Rabbi David Ellenson, President of Hebrew Union College-Jewish Institute of Religion, announced on January 27, 2011 that the School of Sacred Music would be renamed the Debbie Friedman School of Sacred Music in honor of Debbie Friedman. The renaming officially occurred on December 7, 2011.[9][10]

Gender equality

In keeping with the tradition of gender equality in Reform Judaism, HUC has both male and female students in all its programs, including rabbinic and cantorial studies. Since its founding, the College-Institute has ordained over 2,800 rabbis and over 400 cantors. As of 2007, 520 ordained rabbis and 179 invested cantors have been women.[11] (See Women and the rabbinical credential). The first female rabbi to be ordained by HUC was Sally Priesand, ordained in 1972.[12] The first female cantor to be invested by HUC was Barbara Ostfeld-Horowitz in 1975.[13]

Transgender and intersex equality

In 2002 at HUC in New York the Reform rabbi

  • Hebrew Union College Website
  • Central Conference of American Rabbis Website
  • The Union for Reform Judaism Website
  • Reform Judaism Magazine Home Page

External links

  1. ^ Sussman, Lance (2005). "The Myth of the Trefa Banquet: American Culinary Culture and the Radicalization of Food Policy in American Reform Judaism". The American Jewish Archives Journal (Cincinnati: Hebrew Union College-Jewish Institute of Religion) 57 (1–2): 29–52.  
  2. ^ Grace, Kevin (Jan 4, 2012). "Legendary Locals of Cincinnati". Arcadia Publishing. p. 31. Retrieved 2013-05-07. 
  3. ^ a b Jewish Life in America
  4. ^ Hebrew Union College History
  5. ^ Hebrew Union College Academics
  6. ^ Hebrew Union College: University of Southern California
  7. ^
  8. ^ Martin, Douglas. "Alfred Gottschalk, 79, Scholar of Reform Judaism, Is Dead", The New York Times, September 15, 2009. Accessed September 16, 2009.
  9. ^
  10. ^
  11. ^ Hebrew Union College Statistics
  12. ^
  13. ^
  14. ^
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  16. ^
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  18. ^
  19. ^
  20. ^ HUC-JIR Museum in New York, Hebrew Union College – Jewish Institute of Religion, retrieved 2014-07-21 
  21. ^
  22. ^ "Angela Buchdahl", Finding Your Roots - with Henry Louis Gates, Jr., PBS-TV, April 15, 2012
  23. ^ "Our Clergy: Ammiel Hirsch, Senior Rabbi". Stephen Wise Free Synagogue. Retrieved 2 April 2011. 
  24. ^
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See also

Notable alumni

Notable faculty members have included Judah Magnes, who was also the founding chancellor and president of Hebrew University of Jerusalem, Rabbi Abraham Cronbach, Rabbi Tamara Cohn Eskenazi, Abraham Joshua Heschel, Nelson Glueck, Moses Buttenweiser, Eugene Borowitz, Jacob Z. Lauterbach, Lawrence A. Hoffman, Steven M. Cohen, Moses Mielziner, and Debbie Friedman.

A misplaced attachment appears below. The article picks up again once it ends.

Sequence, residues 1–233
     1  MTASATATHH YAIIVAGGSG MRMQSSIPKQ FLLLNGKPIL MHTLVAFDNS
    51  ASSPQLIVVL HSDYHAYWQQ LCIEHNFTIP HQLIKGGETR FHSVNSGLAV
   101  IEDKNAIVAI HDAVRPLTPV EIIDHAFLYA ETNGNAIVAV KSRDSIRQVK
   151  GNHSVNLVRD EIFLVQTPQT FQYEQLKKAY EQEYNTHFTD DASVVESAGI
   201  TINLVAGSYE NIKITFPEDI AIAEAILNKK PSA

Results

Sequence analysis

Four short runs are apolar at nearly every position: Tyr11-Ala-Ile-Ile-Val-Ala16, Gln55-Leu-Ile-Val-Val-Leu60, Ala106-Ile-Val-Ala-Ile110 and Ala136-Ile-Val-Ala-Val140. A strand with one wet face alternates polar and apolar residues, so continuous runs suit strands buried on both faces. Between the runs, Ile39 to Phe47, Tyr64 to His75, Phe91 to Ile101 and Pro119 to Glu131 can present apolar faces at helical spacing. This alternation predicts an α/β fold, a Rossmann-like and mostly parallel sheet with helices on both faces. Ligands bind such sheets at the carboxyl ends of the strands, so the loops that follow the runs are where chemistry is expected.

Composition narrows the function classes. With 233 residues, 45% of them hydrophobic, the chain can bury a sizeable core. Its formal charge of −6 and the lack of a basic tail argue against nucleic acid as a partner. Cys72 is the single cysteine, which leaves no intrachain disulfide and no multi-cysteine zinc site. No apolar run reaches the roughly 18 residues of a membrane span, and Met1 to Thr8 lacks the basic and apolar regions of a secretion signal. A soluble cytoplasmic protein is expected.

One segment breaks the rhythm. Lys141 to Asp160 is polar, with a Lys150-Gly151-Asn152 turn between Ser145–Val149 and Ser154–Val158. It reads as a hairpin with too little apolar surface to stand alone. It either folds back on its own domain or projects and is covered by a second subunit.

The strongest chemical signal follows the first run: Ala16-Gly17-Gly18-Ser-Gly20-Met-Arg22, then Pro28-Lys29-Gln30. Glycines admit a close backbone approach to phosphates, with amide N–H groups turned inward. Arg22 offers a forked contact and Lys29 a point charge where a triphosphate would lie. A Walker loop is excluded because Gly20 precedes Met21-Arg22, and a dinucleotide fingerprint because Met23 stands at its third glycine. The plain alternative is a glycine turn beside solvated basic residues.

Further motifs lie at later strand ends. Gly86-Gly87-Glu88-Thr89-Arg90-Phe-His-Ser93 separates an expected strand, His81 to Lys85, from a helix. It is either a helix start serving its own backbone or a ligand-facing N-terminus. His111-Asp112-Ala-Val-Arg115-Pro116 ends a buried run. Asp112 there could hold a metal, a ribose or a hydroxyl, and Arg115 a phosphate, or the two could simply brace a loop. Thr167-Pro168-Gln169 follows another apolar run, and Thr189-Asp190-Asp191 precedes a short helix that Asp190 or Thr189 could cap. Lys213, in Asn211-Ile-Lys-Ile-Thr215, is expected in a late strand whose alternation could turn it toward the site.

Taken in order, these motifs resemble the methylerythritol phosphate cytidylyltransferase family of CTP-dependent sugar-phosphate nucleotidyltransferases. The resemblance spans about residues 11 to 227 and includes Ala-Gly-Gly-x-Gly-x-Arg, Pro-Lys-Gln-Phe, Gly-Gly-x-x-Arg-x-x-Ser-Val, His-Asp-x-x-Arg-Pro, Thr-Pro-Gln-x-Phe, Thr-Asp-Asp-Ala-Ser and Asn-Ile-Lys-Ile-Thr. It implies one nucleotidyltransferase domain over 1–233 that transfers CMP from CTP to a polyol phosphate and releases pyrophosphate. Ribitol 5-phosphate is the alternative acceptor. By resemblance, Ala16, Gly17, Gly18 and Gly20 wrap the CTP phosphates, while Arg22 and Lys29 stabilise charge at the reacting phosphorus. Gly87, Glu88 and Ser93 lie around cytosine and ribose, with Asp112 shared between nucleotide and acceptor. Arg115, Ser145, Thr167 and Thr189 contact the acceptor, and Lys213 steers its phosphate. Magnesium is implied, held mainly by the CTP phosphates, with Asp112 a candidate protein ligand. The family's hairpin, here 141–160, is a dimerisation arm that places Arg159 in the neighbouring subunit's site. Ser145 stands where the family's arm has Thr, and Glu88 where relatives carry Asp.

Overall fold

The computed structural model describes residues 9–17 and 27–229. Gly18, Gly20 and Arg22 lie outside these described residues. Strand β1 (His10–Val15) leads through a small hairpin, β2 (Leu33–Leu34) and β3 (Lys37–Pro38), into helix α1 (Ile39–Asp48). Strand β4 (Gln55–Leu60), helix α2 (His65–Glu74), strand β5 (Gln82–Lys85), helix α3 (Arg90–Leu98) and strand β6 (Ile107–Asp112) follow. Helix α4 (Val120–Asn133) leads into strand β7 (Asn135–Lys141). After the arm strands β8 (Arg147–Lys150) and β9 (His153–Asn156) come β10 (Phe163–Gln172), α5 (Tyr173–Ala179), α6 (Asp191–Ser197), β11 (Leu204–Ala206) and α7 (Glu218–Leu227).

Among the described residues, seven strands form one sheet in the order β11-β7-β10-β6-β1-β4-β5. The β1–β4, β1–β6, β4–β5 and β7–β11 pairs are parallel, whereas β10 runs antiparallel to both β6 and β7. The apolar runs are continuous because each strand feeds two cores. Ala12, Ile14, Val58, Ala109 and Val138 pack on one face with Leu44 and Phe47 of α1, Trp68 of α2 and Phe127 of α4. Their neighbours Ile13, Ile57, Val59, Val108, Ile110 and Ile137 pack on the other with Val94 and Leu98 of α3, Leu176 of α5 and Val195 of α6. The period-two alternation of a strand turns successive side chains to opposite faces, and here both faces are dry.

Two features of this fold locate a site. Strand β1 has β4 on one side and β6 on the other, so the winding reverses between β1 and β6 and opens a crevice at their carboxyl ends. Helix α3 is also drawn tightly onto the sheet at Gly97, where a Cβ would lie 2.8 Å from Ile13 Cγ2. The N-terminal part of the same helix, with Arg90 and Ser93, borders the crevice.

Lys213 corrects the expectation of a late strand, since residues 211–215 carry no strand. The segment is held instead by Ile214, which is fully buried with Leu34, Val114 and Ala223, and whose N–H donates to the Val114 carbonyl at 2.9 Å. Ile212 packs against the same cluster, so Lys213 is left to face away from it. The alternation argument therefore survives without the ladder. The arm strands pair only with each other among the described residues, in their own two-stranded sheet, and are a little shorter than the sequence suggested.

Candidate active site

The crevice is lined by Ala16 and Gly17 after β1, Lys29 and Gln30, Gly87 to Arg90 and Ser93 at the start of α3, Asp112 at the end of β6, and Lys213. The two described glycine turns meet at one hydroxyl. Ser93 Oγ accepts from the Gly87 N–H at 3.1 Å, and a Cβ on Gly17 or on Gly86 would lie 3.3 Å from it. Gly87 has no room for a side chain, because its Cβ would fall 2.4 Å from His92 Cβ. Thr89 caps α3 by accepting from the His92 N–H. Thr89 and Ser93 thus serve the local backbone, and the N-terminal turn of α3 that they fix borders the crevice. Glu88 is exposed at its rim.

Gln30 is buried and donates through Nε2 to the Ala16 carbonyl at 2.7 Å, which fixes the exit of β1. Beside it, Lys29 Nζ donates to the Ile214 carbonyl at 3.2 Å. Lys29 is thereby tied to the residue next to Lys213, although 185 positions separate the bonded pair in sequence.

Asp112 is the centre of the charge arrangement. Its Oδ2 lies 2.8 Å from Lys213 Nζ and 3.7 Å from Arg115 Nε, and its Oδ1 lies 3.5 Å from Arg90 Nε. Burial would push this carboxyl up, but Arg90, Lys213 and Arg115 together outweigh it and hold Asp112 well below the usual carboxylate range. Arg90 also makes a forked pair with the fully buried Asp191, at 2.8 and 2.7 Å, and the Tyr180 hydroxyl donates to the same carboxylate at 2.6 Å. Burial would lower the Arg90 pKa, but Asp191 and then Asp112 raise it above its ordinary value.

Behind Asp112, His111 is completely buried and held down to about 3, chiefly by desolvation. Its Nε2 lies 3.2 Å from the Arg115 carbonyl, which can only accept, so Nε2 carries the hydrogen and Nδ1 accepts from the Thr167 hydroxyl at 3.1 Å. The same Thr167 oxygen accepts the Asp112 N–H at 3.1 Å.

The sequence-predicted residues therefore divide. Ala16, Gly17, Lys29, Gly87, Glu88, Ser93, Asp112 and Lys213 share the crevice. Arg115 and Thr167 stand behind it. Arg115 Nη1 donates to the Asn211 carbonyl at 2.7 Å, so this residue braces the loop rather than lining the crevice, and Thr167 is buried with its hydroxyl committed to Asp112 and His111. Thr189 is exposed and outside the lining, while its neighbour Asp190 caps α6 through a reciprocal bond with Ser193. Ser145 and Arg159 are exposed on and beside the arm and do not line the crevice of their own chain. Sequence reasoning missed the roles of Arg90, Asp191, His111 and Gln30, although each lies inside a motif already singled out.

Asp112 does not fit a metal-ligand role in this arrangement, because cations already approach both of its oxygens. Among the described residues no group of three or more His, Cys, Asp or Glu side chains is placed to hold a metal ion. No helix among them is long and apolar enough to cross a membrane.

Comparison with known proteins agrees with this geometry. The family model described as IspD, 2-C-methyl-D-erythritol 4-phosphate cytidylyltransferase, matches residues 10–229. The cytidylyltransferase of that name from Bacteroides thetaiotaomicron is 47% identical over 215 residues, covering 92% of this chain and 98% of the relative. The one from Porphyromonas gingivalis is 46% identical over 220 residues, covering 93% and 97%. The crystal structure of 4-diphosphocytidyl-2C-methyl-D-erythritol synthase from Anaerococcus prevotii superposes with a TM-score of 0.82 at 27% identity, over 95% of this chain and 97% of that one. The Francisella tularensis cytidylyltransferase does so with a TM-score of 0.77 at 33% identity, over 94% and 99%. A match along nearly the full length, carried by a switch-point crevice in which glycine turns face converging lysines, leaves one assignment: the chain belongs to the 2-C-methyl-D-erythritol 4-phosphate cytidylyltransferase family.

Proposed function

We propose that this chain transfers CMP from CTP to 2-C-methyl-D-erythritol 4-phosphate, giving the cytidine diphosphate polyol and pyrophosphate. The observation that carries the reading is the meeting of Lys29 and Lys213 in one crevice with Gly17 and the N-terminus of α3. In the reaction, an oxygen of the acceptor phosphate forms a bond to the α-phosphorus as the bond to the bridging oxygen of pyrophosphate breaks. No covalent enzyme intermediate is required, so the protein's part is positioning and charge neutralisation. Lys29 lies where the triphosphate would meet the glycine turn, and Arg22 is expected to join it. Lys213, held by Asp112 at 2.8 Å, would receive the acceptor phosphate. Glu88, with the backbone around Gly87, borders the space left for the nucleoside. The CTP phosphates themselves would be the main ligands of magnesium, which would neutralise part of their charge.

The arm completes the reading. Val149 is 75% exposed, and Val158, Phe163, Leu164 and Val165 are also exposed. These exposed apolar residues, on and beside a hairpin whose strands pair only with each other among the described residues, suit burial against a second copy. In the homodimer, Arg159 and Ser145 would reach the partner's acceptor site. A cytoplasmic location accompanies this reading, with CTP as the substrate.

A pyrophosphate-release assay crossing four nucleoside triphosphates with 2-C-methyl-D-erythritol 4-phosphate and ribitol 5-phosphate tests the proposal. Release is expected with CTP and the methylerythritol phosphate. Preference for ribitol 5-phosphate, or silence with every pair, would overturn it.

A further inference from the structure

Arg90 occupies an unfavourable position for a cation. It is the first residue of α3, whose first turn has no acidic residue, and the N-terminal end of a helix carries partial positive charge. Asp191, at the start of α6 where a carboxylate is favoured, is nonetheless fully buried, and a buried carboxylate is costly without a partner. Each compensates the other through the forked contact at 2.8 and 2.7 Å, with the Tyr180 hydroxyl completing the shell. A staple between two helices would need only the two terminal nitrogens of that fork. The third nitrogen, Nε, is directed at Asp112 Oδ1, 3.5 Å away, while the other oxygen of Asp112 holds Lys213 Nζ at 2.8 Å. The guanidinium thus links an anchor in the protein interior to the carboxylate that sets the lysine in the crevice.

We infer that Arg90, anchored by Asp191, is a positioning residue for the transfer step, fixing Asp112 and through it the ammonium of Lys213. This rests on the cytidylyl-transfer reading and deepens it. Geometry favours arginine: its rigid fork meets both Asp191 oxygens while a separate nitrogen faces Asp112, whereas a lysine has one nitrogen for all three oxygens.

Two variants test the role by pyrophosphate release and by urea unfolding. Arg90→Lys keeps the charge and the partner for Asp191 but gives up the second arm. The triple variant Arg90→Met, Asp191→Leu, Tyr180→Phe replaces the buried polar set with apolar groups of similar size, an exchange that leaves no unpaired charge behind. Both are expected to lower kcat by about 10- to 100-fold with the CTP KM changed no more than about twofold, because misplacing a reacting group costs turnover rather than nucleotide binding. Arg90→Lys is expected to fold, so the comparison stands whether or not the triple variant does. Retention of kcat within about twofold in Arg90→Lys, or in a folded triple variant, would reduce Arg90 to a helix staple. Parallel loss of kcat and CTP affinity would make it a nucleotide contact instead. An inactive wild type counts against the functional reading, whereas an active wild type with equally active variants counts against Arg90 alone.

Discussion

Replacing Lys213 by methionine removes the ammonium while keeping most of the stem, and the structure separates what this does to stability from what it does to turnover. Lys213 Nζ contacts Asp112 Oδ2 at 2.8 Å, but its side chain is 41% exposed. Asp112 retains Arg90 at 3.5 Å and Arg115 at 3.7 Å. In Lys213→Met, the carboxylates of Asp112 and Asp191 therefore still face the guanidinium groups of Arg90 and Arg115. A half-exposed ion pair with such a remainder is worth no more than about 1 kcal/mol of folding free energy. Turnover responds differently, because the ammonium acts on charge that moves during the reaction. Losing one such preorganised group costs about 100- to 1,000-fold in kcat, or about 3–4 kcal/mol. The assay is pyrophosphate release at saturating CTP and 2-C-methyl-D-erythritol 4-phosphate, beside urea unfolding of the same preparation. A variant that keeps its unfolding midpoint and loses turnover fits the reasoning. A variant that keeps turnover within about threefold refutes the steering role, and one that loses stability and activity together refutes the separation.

Notable faculty

The Hebrew Union College-Jewish Institute of Religion also manages the Skirball Cultural Center in Los Angeles and Skirball Museum in Jerusalem.

Laura Kruger is the Curator of Museum Exhibition at the HUC-JIR Museum.

Since its founding in 1983 as the Joseph Gallery, the HUC-JIR Museum has grown physically to encompass 5,000 square feet (460 m2) of exhibition space, expanding to include the Petrie Great Hall, Klingenstein Gallery, Heller Gallery and Backman Gallery. Amongst the exhibitions presented to date, the Museum has mounted seminal shows for emerging artists, surveys of leading mid-career and elder artists; cutting-edge exhibitions illuminating Jewish issues, including contemporary artistic responses to the Holocaust, the history of African-American and Jewish relations since 1654 to the present, the impact of family violence on the works of contemporary Israeli and American women artists, and the current situation in Israel and contemporary Israeli identity; landmark exhibitions establishing new directions for contemporary Jewish ceremonial art; group exhibitions reflecting new interpretations of Biblical text; and exhibitions of significant private collections, reflecting Jewish identity and consciousness, which have advanced the definition of Jewish art in the 20th century.

The HUC-JIR Museum at the New York campus presents exhibitions highlighting Jewish history, culture, and contemporary creativity.[20]

Hebrew Union College-Jewish Institute of Religion Museum

The three U.S. campuses share a catalog, but the Jerusalem collection is separately cataloged.

  • Klau Library in Cincinnati, the main research library. This library is the second-largest collection of printed Jewish material in the world (the National Library of Israel in Jerusalem is the first). The library states it has 700,000 volumes, including 150 incunabula and over 2,000 manuscript codices.[19]
  • Klau Library in New York—130,000 volumes.
  • S. Zalman and Ayala Abramov Library in Jerusalem—100,000 volumes.
  • Frances-Henry Library in Los Angeles—100,000 volumes.

The HUC library system contains one of the most extensive Jewish collections in the world. Each campus has its own library:


[18], who came out as transgender six months before his ordination in 2006, was the first transgender person to be ordained by HUC. Elliot Kukla [17] [16] [15] became the first openly transgender person accepted to HUC in 2003; he was ordained by HUC in 2010. Reuben Zellman [14]